1. The potential extinction of the isolated physician’s office, or at the very least, the emergence of a hybrid office.
1. A move toward “offstage” clinical care teams, previously coming about many years ago in hospital design, but now finding its way more and more in the world of outpatient care.
While the term “offstage” might lead one to believe the care team is moved remotely from the patient care area, it actually is the insertion of the care team directly in the center of the care environment, to maximize direct communication of all team members, and minimize their travel distance to their patients. More time with patients is what both clinicians and patients are seeking.
Greater Communication Equals Better Care As to the previously mentioned trend in physician’s offices, these seem to be moving ever closer to the patient care environment, getting smaller, being shared by multiple practitioners, moving into alcoves directly on hallways, or placed right into the center of the clinical care team side by side with nurses, physician assistants, and nurse practitioners. The bottom line is that the old-school mentality to the hierarchy of personal space is being cast aside, to help reduce the cost of building and maintaining the built environment utilized for patient care. Physicians and healthcare systems can save significant construction dollars coupled with significant lifecycle dollars related to the long-term operation of space. While the potential cost savings from a denser, more efficient built area are significantly helping to control healthcare delivery costs, the real savings, according to our physician clients, is the reduction in time wasted moving about to communicate with fellow caregivers, and this savings in movement time results in greater communication opportunity which is expected to produce better patient outcomes.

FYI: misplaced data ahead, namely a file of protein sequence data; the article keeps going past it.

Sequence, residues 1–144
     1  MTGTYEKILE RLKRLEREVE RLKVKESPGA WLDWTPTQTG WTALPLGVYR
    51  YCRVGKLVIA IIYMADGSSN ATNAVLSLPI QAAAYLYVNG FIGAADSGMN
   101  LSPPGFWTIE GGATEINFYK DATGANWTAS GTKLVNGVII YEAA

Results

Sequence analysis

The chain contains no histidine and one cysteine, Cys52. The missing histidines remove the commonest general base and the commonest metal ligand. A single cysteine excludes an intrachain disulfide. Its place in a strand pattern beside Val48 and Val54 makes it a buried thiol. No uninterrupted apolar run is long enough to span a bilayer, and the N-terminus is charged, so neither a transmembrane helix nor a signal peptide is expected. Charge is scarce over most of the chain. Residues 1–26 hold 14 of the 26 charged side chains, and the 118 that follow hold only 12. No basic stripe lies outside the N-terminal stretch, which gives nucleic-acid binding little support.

Technology in the Field
Both the hybrid office model and the clinical care team model do share one very common design component, relative to communication and collaborative care: technology integration. One of the key components to the ACA was the push for electronic medical records (EMR) systems. Clinicians are now demanding greater numbers of access points to these systems, and this is affecting the comprehensive design coordination of these spaces. While mobile access technologies continue to play an ever greater role, the need to have EMR access points that can not walk away is still critical, and these elements have to have the minimum possible impact on space utilization, to support the trend towards more efficient outpatient care environments. All of the major furniture systems designers have worked closely with clinical teams across the country over the past seven years since the passage of the ACA, and the result is much better integration of technology into the patient care areas, with a higher degree of adaptability. This overlay of digital communication design with physical communication design has helped usher in a new era of collaborative care, and it will be very interesting to see exactly what fruits it will bear in support of improved patient outcomes.